The cornerstone of this investment must be a sound balance sheet – one strong enough to withstand volatile energy prices and revenues and flexible enough to underpin billions of dollars of investment in new energy sources. We must balance this investment with a prudent financial framework, generating the cash to repay debt and provide shareholders with an attractive return. 

This is an approach for the long term. One advantage is that it means we can access oil and gas trapped in difficult or remote locations, like the Russian sub-Arctic and the Gulf of Mexico. 

Now, I recognise that these projects are daunting. In some cases, five or six partners can be needed to provide specialist expertise in drilling and construction. And major deep-water and liquefied natural gas (LNG) projects can now cost tens of billions of dollars. That’s a far cry from the 1990s, when mega-projects cost several hundred million dollars.   

But the challenges of these projects must not obscure their vital importance. They are powerful engines of growth and profitability for our industry and play a critical role in supplying the world’s energy needs.

Sakhalin-2

The Sakhalin-2 project is a prime example. It’s Russia’s first LNG plant and one of the largest integrated oil and gas projects in the world. 

Building offshore platforms in the Russian sub-Arctic posed major challenges for our engineers. The sea is frozen for six months of the year and air temperatures can fall to minus 40 degrees Celsius. Sakhalin also sits in the middle of an active seismic zone. So we had to safeguard the platforms from this danger. 

You may also recall that relations between the original shareholders and the Russian government were severely tested in 2005-6 due to concerns about costs.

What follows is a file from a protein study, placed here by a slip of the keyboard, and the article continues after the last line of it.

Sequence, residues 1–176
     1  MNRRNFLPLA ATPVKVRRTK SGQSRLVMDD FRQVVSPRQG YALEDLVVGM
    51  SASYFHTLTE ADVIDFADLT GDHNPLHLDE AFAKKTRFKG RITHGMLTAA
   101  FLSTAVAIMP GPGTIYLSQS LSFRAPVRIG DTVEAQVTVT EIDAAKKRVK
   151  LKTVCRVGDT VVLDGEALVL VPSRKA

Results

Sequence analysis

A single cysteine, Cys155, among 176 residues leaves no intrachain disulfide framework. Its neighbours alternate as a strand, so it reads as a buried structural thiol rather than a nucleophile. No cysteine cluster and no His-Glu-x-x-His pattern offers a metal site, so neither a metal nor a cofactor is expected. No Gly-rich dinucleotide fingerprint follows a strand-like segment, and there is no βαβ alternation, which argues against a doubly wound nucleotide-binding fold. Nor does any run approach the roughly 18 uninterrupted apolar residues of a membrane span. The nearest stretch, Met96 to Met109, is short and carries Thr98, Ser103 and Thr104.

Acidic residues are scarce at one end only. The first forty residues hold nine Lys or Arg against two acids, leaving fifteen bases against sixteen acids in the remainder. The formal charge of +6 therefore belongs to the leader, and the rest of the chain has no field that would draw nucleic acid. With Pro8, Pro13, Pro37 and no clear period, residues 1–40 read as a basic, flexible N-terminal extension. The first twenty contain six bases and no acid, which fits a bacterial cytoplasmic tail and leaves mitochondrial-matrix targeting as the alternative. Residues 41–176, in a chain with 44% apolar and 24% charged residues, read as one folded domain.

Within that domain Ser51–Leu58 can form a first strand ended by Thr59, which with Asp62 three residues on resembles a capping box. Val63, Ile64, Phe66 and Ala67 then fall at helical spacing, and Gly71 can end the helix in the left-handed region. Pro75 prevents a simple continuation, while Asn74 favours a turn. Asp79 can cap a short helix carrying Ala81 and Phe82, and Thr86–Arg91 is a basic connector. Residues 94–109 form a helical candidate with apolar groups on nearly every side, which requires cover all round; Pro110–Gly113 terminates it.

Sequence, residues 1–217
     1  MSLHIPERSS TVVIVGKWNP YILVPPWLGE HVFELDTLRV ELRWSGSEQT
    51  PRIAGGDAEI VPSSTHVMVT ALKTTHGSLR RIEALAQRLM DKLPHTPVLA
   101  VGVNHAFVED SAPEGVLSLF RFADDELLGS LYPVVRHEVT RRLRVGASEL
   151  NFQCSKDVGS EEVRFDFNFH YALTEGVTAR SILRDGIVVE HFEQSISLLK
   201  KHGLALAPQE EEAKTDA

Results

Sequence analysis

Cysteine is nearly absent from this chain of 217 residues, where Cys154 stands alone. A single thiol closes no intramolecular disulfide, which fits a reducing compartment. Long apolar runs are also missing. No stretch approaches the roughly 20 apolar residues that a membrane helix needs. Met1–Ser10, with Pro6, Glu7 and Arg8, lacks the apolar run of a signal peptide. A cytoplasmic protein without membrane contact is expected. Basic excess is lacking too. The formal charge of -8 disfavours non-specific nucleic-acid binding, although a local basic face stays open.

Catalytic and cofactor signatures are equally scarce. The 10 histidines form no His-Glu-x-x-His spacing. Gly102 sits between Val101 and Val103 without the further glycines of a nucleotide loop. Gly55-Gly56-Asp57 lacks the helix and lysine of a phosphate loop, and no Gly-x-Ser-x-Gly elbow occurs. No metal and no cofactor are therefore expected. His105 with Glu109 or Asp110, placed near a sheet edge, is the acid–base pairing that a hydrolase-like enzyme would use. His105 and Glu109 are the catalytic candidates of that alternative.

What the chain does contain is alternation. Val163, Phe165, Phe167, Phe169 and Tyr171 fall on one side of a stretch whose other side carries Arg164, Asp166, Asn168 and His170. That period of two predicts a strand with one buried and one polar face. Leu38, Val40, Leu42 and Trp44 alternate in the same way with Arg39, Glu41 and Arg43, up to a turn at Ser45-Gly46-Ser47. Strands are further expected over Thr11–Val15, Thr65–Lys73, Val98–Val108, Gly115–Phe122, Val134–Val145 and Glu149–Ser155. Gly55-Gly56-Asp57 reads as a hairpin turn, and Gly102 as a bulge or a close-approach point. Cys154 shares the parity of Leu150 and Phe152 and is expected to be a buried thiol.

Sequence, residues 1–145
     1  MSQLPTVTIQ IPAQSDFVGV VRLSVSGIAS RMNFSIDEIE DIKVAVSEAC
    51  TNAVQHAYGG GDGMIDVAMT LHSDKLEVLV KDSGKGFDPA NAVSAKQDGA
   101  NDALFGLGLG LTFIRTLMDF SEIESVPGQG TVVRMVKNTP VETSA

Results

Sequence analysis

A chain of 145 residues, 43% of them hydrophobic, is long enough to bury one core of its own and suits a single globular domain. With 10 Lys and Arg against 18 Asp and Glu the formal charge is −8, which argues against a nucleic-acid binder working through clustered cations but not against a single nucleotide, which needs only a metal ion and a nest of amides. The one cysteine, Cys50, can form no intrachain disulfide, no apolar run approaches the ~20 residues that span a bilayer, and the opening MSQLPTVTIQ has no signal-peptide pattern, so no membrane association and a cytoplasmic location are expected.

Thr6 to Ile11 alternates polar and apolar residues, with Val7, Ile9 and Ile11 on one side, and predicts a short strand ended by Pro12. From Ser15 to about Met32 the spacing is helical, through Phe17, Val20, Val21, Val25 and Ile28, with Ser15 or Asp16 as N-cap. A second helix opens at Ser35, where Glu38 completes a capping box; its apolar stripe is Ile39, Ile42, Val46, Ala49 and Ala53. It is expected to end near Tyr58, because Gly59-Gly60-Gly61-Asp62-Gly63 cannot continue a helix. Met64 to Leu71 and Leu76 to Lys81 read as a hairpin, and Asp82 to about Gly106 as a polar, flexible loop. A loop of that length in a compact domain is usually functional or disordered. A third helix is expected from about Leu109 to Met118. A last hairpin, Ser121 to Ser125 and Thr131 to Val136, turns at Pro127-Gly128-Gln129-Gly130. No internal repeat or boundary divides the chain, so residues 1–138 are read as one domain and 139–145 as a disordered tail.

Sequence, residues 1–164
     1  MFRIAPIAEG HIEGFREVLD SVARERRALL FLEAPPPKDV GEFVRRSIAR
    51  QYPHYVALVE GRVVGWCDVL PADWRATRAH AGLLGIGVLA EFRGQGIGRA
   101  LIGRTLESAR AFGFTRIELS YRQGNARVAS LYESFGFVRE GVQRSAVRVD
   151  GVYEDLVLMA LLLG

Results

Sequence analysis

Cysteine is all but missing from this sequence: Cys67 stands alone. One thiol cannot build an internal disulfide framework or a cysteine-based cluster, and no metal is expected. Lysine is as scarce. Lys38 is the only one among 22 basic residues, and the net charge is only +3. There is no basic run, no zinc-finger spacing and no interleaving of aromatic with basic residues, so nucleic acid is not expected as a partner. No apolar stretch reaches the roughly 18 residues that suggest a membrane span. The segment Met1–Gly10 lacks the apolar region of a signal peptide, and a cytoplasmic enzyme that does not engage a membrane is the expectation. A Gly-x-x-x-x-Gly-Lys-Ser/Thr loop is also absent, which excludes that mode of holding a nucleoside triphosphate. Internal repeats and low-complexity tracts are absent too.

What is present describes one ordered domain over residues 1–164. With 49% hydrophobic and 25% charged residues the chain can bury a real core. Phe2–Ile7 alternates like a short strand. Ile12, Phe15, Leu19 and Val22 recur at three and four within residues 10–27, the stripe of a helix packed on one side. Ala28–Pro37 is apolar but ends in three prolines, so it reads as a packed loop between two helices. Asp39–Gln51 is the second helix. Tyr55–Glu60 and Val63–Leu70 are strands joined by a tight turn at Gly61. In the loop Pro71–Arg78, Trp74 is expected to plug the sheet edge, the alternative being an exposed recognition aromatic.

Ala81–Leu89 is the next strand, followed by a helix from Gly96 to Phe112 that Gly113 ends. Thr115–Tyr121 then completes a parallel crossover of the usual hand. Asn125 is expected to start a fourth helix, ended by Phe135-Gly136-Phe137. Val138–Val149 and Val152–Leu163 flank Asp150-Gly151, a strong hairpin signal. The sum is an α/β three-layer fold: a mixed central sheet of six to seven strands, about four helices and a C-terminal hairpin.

But I’m delighted to say that the project is now a major commercial and technical success story for all partners. The LNG plant reached full production capacity in 2010 and provides nearly 9% of Japan’s LNG. And Shell and Gazprom have entered into a strategic alliance agreement to expand our co-operation.  

So the project is a great lesson that perseverance and long-term thinking do bring rewards in our industry.

Innovation

That leads directly to my second priority: innovation.

During difficult times, it’s possible to lose sight of why this matters. This is especially true in our industry, where scaling up technologies can take decades.  

But innovation is a precious investment in our future competitiveness. For example, in Qatar, Shell is converting natural gas into liquid fuels and chemical feedstocks at our massive Pearl gas-to-liquids plant. This 19-billion-dollar investment was the culmination of about 40 years of research and refinement to perfect this technology. 

For countries like Qatar with vast reserves of gas, gas-to-liquids technology provides a way to get more value from their resources by carrying gas into new markets. It took around four decades to bring Pearl to fruition. But it’s a project that will provide returns for Shell and Qatar Petroleum for decades to come. 

Our Prelude project is another good example. Work is well under way on this pioneering floating facility that will allow us to process, store and transfer liquefied natural gas at sea. 

It will be the largest offshore floating facility in the world. It will be used to tap the Prelude gas field more than 200 kilometres off Australia’s northwest coast, a field that is too small and remote to be economically developed in the traditional way. 

This massive display of technological know-how will eliminate the need to devote land and pipelines to process LNG onshore. It will unlock significant reserves of gas that otherwise might not be tapped.